In-kind donation, for instance, is cost-effective, and environmentally and socially beneficial when properly executed. It removes the hard costs of landfill and provides nonprofit organizations – some of which go decades without updating their office interiors – the opportunity to improve productivity, employee satisfaction and even safety. It can also free up budget for core programs and activities. Plus, it’s a novel, cost-effective way for corporations to engage with community organizations and nurture community partnerships.

Combined with resale and recycling, it becomes a powerful triple-bottom-line tool for businesses.

But it requires decision-makers to reevaluate their used office assets and start planning early. This means working with multiple departments to capture value — from those on the ground floor, like facilities teams, to those who care most about the outcome like sustainability and communications teams. It means tracking the landfill diversion rates and community impact across all office projects to benchmark performance and work toward improvement. And it means changing procurement practices and vendor relationships to better close the loop on office waste over time.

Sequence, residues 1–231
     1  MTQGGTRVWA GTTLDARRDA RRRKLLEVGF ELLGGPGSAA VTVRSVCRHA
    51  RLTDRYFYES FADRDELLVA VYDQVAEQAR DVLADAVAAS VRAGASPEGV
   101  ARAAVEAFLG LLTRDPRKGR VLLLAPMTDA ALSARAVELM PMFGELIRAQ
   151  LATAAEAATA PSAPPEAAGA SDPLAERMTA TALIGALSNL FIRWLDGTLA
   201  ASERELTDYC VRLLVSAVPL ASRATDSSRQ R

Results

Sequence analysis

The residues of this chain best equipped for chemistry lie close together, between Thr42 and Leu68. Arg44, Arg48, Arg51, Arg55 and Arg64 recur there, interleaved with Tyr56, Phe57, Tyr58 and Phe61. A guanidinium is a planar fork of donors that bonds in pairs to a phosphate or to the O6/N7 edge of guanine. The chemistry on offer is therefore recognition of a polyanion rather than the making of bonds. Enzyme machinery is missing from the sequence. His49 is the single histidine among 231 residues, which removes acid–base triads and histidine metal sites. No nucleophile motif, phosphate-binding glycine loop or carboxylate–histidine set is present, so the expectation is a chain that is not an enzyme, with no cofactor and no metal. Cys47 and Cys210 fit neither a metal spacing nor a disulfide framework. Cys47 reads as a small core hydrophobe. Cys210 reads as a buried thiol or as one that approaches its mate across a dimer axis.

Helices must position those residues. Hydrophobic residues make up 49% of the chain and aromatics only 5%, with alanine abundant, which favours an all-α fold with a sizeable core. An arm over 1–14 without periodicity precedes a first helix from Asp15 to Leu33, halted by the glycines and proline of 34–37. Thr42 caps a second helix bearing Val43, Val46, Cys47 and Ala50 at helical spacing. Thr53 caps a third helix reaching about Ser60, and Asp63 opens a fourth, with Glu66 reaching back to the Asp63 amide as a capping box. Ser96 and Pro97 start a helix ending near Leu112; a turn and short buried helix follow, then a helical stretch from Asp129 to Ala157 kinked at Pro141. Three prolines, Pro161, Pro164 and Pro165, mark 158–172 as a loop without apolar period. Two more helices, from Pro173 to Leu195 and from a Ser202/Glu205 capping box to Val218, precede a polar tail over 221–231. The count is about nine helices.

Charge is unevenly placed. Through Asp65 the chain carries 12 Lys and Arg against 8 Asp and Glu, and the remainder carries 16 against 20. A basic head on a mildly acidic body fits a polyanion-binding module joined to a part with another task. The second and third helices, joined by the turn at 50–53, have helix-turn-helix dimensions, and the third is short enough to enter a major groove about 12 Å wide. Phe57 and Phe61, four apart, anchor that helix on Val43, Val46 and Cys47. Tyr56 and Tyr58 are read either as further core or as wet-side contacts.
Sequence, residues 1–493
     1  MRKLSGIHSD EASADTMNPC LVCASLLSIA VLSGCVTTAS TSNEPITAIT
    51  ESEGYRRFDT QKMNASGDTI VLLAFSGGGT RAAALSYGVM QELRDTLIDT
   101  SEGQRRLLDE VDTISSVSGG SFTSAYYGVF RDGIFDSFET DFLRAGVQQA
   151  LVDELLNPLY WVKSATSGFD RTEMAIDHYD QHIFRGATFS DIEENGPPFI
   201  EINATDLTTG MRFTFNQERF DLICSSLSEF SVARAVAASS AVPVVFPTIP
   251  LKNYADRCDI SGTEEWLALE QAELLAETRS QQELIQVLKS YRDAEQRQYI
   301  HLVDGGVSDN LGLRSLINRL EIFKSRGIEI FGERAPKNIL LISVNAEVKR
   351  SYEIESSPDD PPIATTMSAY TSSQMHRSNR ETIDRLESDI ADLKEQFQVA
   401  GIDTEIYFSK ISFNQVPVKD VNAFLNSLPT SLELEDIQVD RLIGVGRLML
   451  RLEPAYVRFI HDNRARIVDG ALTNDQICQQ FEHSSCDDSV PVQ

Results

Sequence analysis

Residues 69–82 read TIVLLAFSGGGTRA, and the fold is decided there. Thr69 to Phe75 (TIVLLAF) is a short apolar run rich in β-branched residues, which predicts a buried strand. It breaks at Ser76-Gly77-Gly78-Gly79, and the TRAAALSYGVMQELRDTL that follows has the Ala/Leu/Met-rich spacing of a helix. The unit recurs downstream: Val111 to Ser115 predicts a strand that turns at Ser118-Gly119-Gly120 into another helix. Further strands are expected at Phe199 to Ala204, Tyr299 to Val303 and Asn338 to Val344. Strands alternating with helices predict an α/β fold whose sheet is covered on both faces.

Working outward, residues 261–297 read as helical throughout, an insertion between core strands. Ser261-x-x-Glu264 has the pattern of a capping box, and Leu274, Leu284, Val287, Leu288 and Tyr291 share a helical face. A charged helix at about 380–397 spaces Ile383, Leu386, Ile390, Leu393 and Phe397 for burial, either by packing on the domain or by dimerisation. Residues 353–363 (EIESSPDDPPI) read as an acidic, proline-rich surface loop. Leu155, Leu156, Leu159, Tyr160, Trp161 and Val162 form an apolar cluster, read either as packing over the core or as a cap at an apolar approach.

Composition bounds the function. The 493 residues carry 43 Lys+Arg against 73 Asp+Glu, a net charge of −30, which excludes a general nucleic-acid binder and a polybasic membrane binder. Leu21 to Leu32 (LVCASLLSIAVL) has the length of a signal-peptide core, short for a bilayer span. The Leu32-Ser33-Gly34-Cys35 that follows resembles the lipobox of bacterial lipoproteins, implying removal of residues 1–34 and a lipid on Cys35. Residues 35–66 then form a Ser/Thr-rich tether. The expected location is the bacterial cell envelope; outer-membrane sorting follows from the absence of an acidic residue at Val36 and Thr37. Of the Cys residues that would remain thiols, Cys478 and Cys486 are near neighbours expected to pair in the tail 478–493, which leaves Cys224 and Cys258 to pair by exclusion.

It strikes me that the way businesses currently manage and dispose of used office furniture serves as another gut-wrenching example of just how wasteful we can be, even with corporate sustainability and social responsibility entering the business mainstream.

Office equipment makes a difference, not only in the way we use it (as in completely and utterly depend on it in nearly every aspect of business), but also in the way we treat it at the end of its life. And, as we’re seeing across the board with waste, energy and water, amazing things can happen once you challenge the complacency of an industry — things that directly help businesses, the communities in which they work and the greater environment.

That office furniture has impact isn’t up for debate. The only question is: What are businesses doing to make sure its a good one?

Nicholas Buccheri is the marketing and communications manager at Green Standards, a specialized sustainability firm that helps corporations manage their office assets responsibly, and a freelance communications consultant to mission-driven organizations and businesses.